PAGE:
The truth of the matter isâ€”white lies sell. Stretching the truth and/or omitting details are natural instincts among competitors. With that being said, you cannot help but wonder if the EHR vendors you are considering are being completely honest with you.
Here are some of the most common “white lies” that most EHR vendors wish you didn’t know about:
“Look how easily I navigate through a patient encounter. It will be this easy for you, too.”
While observing an on-site demo, it is important to take into consideration who is demonstrating the productâ€”don’t let the expert sales representative lead the entire demo and leave you standing behind the lines, passively nodding. Be proactive: take control of the mouse and keyboard and encourage members of your medical staffâ€”from administration to clinicalâ€”to step in and test the EHR, too. This ensures that someone from each department experiences the EHR in the way they would actually use it. Only then can you honestly decide whether this EHR is really as easy to use as it looked and was promised in the demo.
“You have to have [â€¦] to qualify for the incentive payments.”
Prospective clients continually share with us that many EHR vendors claim that templated notes are required to demonstrate meaningful use and qualify for the government incentives. This is not true; using a templated note is not mandated in the meaningful use regulations. We hope all EHR vendors have their facts straight, but sadly, this is not the case. Take the opportunity to educate yourself and find out who is a qualified source of information. Ask questions like, “Does your company have a Government Affairs specialist?” “How accessible is this person?” “How familiar is this person with the regulations?” These are important steps in recognizing whether the EHR company is an expert in meaningful use.
“Don’t worry about support/implementationâ€”it’s included.”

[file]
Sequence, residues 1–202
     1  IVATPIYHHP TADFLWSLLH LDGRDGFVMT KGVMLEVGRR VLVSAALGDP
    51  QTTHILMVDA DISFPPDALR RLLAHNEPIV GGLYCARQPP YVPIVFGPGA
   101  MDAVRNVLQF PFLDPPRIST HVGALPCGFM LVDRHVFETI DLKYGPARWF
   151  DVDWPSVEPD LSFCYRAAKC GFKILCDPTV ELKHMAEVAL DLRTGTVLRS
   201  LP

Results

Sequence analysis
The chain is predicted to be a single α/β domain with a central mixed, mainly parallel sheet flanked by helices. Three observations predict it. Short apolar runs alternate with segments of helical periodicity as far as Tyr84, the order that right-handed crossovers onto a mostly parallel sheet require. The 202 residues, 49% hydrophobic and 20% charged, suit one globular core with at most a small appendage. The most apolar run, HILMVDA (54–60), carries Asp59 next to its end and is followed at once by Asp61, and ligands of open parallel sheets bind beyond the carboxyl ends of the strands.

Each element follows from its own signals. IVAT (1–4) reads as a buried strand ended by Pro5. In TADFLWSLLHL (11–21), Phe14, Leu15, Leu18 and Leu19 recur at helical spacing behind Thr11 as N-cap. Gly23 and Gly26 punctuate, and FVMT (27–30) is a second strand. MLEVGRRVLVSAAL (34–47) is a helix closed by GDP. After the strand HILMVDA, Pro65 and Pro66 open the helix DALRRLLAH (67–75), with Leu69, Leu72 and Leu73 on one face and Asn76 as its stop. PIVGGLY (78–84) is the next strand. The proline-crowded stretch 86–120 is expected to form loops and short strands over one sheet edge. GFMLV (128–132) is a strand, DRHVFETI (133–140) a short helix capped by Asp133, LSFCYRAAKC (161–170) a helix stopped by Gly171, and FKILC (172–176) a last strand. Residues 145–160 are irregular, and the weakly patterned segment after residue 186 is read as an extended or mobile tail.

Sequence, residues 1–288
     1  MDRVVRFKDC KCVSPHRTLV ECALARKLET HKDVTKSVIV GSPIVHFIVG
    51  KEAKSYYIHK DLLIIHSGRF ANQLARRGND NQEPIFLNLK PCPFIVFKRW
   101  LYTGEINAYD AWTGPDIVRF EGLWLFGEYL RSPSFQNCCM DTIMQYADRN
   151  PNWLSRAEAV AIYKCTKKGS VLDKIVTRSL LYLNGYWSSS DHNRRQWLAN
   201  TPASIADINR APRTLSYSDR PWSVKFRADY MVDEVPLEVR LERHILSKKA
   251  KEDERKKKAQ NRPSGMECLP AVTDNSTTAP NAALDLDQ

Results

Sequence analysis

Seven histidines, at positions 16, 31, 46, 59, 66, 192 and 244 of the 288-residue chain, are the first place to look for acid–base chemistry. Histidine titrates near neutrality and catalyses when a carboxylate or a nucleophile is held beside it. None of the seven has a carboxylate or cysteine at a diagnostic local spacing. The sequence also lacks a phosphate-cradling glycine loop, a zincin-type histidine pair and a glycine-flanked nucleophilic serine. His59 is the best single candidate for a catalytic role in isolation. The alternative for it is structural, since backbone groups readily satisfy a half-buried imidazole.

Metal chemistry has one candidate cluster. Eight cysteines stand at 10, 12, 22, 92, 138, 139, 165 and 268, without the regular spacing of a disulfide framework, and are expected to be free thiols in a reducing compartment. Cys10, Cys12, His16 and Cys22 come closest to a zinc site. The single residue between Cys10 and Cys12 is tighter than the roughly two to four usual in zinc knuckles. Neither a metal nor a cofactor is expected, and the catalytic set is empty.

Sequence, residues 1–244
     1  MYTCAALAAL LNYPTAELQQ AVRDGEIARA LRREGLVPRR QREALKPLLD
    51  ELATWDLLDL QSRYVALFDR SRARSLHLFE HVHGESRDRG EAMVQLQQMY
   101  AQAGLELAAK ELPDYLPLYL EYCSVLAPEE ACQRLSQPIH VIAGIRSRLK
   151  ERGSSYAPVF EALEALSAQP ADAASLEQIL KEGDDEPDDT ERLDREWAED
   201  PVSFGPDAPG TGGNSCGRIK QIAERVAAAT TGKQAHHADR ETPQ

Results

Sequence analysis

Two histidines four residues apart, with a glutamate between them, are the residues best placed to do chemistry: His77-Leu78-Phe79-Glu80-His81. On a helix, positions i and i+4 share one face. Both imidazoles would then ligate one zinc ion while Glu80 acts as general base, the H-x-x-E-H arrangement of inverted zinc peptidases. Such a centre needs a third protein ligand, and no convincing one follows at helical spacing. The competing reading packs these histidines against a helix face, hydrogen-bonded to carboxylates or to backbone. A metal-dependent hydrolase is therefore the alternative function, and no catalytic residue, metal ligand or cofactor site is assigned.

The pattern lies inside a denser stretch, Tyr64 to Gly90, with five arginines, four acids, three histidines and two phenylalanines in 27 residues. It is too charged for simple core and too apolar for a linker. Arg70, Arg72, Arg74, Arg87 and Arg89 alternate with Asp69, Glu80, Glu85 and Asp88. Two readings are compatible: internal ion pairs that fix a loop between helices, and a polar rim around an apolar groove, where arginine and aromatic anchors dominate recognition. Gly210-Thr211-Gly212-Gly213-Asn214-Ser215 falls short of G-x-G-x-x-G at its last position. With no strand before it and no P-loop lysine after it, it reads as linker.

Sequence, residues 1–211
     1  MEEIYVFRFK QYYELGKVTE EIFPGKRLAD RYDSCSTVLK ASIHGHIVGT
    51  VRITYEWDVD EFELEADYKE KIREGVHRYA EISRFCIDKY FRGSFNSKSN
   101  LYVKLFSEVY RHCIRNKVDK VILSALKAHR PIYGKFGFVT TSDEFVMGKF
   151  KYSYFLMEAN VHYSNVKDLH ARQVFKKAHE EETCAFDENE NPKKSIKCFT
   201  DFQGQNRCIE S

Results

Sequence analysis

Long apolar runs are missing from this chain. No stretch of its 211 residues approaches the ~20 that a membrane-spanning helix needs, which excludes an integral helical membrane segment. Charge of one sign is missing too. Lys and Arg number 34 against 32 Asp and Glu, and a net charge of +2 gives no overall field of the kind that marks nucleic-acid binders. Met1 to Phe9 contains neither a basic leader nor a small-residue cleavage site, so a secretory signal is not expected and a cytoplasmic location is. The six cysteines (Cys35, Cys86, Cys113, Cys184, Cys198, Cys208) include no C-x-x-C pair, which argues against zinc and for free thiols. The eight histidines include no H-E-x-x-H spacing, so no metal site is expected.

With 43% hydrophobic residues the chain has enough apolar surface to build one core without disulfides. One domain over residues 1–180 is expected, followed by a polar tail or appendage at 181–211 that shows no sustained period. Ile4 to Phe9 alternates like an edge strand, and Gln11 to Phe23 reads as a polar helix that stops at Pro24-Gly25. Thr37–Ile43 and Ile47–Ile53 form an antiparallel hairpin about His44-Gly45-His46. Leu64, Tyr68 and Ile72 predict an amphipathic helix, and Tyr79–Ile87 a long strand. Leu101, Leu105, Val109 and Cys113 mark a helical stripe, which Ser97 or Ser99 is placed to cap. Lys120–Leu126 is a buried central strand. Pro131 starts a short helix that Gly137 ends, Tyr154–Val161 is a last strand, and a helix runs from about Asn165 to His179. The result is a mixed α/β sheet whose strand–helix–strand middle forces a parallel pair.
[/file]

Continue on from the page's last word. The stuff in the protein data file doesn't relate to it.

Many EHR vendors often try to hide additional costs for training. Do your practice a favor and don’t accept their every word. Make sure you are completely clear as to exactly what is included: how many hours, how many employees will be trained, over the course of how much time, etc. Also, be sure to confirm what is not included, what qualifies as additional training, and how much extra it will cost. You can never be too careful when verifying “all-inclusive” implementation packages.
“Don’t look at XYZ EHR vendor. They don’t have what you need.”
Be wary of EHR vendors that advise you to avoid other vendorsâ€”they may be offering half-truths and false statements to differentiate themselves from the competition. Since you cannot assume that they will have your best interests in mind, cross-reference your EHR vendors by looking to credible EHR sources with relationships with professionals in your specialty. Don’t rely on any EHR vendor to pick its competitors. Take matters into your own hands by consulting the multitude of resources available in the market, including medical Listservs such as MGMA and AAOE. Talk with your peers, collect information, and demo other software before making your final decision. Remember, information presented should come from a trusted source without much interpretation. Trust your judgment; don’t rely solely on the EHR vendors’ statements.
Arm yourself with the proper tools to choose the right EHR â€” make sure you have concise and honest information, as well as insightful questions to ask your EHR vendors. Don’t be swayed by little white EHR lies!